Structure an Essay Guide
- Always begin an essay with an introduction, but be careful not to write too much too soon, an introduction is usually between five and six good, relevant sentences. Though of course write more if you feel more is needed!
- Introduce the topic of your essay (which could be done by simply rephrasing the title/essay question) and briefly outline the points you wish to raise.
- Be careful not to include any concluding remarks, leave comments unbiased and open-ended.
- Split the main body of your essay into clear paragraphs. One relevant point to answering your essay question per paragraph.
- Each paragraph should essentially have a couple of sentences explaining your point, and then some factual knowledge included, to back up what you have written so far and to prove that you have done some research and know what you are writing about!
- Try to make a link back to the essay title/question. This shows the marker that you are giving a good answer and also keeps the question clear in your own mind. (it is so easy miss out on marks by writing down everything you know on the subject when it isn’t actually relevant to answering the question.)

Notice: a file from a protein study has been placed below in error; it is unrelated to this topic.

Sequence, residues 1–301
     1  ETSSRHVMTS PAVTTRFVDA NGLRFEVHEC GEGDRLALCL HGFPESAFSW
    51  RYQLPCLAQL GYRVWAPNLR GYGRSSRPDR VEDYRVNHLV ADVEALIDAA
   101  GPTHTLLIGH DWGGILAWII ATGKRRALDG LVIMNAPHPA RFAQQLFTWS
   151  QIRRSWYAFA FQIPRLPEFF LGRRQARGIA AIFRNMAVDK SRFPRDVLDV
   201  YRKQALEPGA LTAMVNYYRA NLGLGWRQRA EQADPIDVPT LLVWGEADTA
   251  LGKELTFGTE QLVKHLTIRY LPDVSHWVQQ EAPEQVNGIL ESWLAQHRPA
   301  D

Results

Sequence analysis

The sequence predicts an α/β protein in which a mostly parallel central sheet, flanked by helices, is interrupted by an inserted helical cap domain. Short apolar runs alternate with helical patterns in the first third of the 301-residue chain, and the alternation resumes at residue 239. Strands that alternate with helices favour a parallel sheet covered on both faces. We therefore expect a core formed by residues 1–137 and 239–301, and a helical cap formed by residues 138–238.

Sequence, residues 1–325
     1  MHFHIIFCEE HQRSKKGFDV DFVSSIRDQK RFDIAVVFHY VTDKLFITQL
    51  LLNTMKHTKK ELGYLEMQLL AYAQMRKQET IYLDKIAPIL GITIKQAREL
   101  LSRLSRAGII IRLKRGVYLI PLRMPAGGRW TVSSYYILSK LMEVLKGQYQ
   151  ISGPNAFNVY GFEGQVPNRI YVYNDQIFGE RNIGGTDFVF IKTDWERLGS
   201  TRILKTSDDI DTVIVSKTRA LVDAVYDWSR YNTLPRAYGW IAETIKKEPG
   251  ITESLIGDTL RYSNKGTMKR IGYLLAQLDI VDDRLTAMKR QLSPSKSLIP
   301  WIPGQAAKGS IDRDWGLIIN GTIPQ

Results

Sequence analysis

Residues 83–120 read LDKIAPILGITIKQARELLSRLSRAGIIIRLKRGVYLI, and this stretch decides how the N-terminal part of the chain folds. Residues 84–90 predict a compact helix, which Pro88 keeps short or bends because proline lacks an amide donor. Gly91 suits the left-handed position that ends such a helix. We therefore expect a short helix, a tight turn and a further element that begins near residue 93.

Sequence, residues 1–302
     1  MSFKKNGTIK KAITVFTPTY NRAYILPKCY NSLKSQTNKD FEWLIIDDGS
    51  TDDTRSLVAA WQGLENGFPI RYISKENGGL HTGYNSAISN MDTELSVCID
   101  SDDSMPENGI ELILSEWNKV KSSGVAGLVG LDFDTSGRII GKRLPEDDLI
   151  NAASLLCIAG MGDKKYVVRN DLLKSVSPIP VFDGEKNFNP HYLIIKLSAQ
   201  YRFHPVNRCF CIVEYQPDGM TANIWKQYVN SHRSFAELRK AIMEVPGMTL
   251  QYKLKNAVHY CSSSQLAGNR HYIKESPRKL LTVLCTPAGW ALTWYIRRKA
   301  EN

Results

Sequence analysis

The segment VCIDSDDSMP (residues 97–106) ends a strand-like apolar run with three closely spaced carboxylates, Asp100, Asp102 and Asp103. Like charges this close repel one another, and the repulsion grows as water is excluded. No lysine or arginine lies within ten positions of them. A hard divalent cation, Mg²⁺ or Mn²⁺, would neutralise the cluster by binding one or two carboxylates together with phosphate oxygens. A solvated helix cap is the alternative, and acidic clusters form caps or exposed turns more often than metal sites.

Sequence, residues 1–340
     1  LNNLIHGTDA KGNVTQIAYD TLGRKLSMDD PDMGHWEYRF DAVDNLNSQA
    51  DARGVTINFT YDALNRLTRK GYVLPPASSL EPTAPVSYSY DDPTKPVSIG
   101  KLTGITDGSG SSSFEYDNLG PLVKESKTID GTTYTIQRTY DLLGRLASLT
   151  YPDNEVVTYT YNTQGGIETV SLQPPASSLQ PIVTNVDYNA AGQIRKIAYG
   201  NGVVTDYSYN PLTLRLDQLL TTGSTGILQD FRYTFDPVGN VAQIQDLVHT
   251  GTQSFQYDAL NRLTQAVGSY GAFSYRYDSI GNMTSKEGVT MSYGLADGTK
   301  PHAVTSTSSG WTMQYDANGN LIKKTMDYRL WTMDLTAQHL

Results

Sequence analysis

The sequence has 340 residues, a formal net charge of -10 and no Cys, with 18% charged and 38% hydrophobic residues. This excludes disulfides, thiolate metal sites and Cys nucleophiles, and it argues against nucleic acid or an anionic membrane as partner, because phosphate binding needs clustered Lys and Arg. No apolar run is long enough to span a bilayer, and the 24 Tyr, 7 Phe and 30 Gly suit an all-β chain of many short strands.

- As you become more confident in essay writing, you can get more marks by making brief links between points. Briefly mention in one sentence how one point you are considering in your essay influences/affects another point.
- You should aim to have three or four paragraphs for the main body of your essay.
- A very important aspect to an essay is a conclusion.
- If you are running out of time when writing an essay in say an exam, it would be better to cut out some of the maybe less relevant points you wish to make, and make sure you get a good conclusion written.
- Try to keep your conclusion as concise as possible. Mention each of the points raised in the main body of the essay and highlight the similarities and contrasts between them.
- Make your own judgment on which point you believe is the most important/relevant to the question and which you believe is the least important/relevant and then explain why!
- By doing this you have shown that you have researched different points to the question, shown factual knowledge and then come to your own conclusion.
- Just be careful not to write anything new that you haven’t mentioned in your essay in the conclusion!